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CDC HIV/AIDS/Viral Hepatitis/STD/TB Prevention News Update

Major Study of People With HIV, TB is Set




 

Philadelphia Inquirer (04/06/93), P. A8 (Dixon, Jennifer)

The federal government yesterday revealed that it will launch the first major American study of drug treatment approaches for people infected with tuberculosis and HIV. Nearly 650 HIV -infected people with active TB will be involved in the clinical trials. Dr. Anthony S. Fauci, director of the National Institute of Allergy and Infectious Diseases, said a substantial proportion of the subjects would probably be from New York City, where TB, particularly drug-resistant TB, is an increasing problem. In addition, the U.S. Department of Health and Human Services announced plans for a $2.1-million, five-year grant to Johns Hopkins University to examine the efficacy and appropriate use of AZT, DDI, and other anti-AIDS drugs. This move is a result of preliminary findings of the European Concorde study, which found that AZT is not effective when used in the early course of HIV infection. HHS Secretary Donna Shalala said, "While drugs have been reviewed for basic safety and effectiveness before they go on the market, these further studies should help physicians make the best treatment choices." The government will evaluate the clinical drug trials involving HIV-positive patients with TB for the benefit of adding a new drug for TB treatment, levofloxacin, to the usual four-drug therapy used in areas where TB organisms are commonly resistant to one or more anti-TB drugs. People who live in areas where drug-resistant TB is rare can also enroll in the trial and will receive the four-drug regimen without levofloxacin.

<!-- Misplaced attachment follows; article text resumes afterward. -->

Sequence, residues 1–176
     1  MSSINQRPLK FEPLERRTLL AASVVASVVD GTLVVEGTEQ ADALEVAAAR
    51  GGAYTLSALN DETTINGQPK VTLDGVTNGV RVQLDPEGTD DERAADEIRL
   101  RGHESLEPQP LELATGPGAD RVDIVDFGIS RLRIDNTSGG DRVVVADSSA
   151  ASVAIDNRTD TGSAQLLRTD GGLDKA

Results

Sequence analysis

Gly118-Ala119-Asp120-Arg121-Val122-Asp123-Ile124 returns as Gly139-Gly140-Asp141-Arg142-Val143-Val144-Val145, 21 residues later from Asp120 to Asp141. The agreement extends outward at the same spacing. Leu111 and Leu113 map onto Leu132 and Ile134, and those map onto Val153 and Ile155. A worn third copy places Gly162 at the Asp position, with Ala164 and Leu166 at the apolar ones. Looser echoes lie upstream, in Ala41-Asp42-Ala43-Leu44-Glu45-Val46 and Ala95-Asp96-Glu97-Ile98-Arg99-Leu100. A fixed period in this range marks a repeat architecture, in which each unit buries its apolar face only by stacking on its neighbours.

Copyright © 1993 -CDC Prevention News Update, Publisher. All rights reserved to Information, Inc., Bethesda, MD. The CDC National Center for HIV, STD and TB Prevention provides the following information as a public service only. Providing synopses of key scientific articles and lay media reports on HIV/AIDS, other sexually transmitted diseases and tuberculosis does not constitute CDC endorsement. This daily update also includes information from CDC and other government agencies, such as background on Morbidity and Mortality Weekly Report (MMWR) articles, fact sheets, press releases and announcements. Reproduction of this text is encouraged; however, copies may not be sold, and the CDC HIV/STD/TB Prevention News Update should be cited as the source of the information. Contact the sources of the articles abstracted below for full texts of the articles.



Information in this article was accurate in April 6, 1993. The state of the art may have changed since the publication date. This material is designed to support, not replace, the relationship that exists between you and your doctor. Always discuss treatment options with a doctor who specializes in treating HIV.